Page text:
Source: 
The Economic Times
https://economictimes.indiatimes.com/news/elections/lok-sabha/india/over-99-independent-candidates-lost-deposits-since-1991/articleshow/109031666.cms?from=mdr
Author: 
PTI
Date: 
04.04.2024
City: 

Data compiled by the Election Commission of India show that since independence, even as the number of independent candidates has remained high, numbers of those winning polls have come down from over six per cent in 1951 and eight per cent in 1957, to around 0.11 per cent in 2019.

As India heads to the 18th general election, data over the years show voters' trust in independent candidates has been diminishing, with more than 99 per cent of independent candidates losing their deposits since 1991. Data compiled by the Election Commission of India show that since independence, even as the number of independent candidates has remained high, numbers of those winning polls have come down from over six per cent in 1951 and eight per cent in 1957, to around 0.11 per cent in 2019.

An independent candidate is one who is not aligned with any recognised party.

In the first elections of 1951-52, 533 independent candidates had contested, and 37 of them won, around 6.90 per cent.

Election Commission regulations stipulate that candidates failing to secure a minimum of one-sixth of the total valid votes polled would have their deposits redirected to the treasury.

The security deposit amount was Rs 500 for general candidates and Rs 250 for candidates from SC/ST communities in 1951. The sum has since increased to Rs 25,000 and Rs 12,500 for general and SC/ST candidates.

In the 1957, 1,519 independent candidates fought the Lok Sabha election, with 42 of them winning it -- around 8.7 per cent. However, even in these two elections, 67 per cent of the independent candidates had forfeited their deposits.

As India's democracy evolved with several regional parties coming into existence over the years, the number of independent candidates who won kept going down.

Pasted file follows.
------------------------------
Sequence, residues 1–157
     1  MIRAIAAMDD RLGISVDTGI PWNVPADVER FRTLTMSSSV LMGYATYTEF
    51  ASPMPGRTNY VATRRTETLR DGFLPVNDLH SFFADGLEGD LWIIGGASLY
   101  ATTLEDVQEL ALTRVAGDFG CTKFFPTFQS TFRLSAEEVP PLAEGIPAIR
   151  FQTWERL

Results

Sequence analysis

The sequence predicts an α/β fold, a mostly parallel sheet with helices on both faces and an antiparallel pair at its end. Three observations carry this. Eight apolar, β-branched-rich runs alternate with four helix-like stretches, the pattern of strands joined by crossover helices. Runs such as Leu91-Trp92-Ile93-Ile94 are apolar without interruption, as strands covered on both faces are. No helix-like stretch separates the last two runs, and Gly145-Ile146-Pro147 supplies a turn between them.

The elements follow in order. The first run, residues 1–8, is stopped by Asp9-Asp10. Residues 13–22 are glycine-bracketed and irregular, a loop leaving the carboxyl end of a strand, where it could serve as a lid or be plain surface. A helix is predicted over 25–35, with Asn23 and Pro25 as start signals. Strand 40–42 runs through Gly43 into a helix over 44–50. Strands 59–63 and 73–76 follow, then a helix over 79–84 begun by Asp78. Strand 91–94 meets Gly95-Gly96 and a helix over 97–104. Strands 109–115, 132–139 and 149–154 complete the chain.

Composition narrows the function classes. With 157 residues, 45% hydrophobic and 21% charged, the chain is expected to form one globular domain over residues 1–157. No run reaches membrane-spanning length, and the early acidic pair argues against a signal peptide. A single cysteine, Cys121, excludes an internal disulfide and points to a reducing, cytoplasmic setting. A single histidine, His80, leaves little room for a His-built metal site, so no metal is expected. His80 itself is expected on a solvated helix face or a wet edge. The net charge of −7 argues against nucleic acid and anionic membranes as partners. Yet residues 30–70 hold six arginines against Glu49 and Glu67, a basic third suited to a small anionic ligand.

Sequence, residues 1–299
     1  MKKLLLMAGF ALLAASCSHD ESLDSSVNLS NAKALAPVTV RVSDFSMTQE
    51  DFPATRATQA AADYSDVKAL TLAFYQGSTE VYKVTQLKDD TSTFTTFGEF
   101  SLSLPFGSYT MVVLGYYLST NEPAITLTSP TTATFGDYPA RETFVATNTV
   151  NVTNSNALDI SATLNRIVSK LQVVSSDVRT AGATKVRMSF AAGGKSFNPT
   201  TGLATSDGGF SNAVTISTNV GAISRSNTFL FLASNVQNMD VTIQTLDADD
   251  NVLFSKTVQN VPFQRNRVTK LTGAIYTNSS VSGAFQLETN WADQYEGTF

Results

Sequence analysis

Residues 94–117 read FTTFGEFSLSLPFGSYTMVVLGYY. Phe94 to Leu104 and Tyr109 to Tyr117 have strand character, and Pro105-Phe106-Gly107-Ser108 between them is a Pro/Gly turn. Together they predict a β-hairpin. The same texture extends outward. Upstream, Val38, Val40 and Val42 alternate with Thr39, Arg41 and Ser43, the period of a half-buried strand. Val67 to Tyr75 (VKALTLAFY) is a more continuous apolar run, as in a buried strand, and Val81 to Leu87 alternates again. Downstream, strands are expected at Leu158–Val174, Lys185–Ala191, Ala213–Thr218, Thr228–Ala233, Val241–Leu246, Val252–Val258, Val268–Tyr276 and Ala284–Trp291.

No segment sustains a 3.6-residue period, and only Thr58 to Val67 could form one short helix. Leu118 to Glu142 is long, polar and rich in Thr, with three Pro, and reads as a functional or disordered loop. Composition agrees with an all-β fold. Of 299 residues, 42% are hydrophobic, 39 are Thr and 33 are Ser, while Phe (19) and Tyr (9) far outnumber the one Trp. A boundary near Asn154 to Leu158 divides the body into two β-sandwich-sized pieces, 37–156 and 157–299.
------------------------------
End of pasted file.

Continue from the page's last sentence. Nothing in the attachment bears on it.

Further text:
In 1962, 20 independent candidates won, around 4.2 per cent of the total, while over 78 per cent lost their deposits. In the 1984 polls, held soon after the death of then prime minister Indira Gandhi, 13 independent candidates won, a success rate of around 0.30 per cent, while over 96 per cent lost their deposits.

Political experts say the trend indicates voters' do not show trust in independent candidates.

"Vaguely speaking, the kind of people who contest as independent are sometimes those who are denied tickets by a political party. There are also some who are hoisted by a party to cut votes of rivals ... Some may have a motive, if they win they are in a bargaining position ..." Maj Gen Anil Verma (retd), Head of Association for Democratic Reforms (ADR), said.

"However, they can't make much difference, ultimately it's the parties who call the shots, and people realise this," he said.

Axis India Chairman Pradeep Gupta said independent candidates have become irrelevant because voters are now more well informed, and they realise who are the candidates who can fulfil their promises.

"In the last 20 years, the public has been giving decisive mandate in Lok Sabha elections. With the emergence of technology, every voter knows whoever he or she is voting for, what promises have been made by the candidate, and what are the expectations of the voter from the leader or the party ...," he said.

"Because of technology, aspirations have gone up. The expectations have gone up. Earlier people used to think that the candidate had promised something but it did not happen, now the phenomenon is that people observe who did what and where, and can analyse and form opinions," he said.

"Because of this phenomenon the independent candidates have become largely irrelevant. Public thinks that what is the point of voting for them when they will not be able to do anything. These candidates are not in a position of bringing too much change in the lives of the voters barring few candidates who are supported by parties," Gupta added.

In 2019, more than 8,000 independent candidates had fought polls, and only four won. Over 99.6 per cent of independent candidates lost their deposits.

In 2019 Lok Sabha polls, four independent candidates had won - Sumalatha Ambareesh from Mandya, who was backed by BJP and is likely to join the party, Navnit Rana from Amravati, who was at that time supported by the Congress-NCP combine, and recently joined the BJP, ex-ULFA commander Naba Kumar Sarania from Kokrajhar in Assam, and Mohanbhai Sanjibhai Delkar won Dadra and Nagar Haveli.

Delkar passed away in 2021, and his wife is now an MP from the seat from Shiv Sena (UBT).

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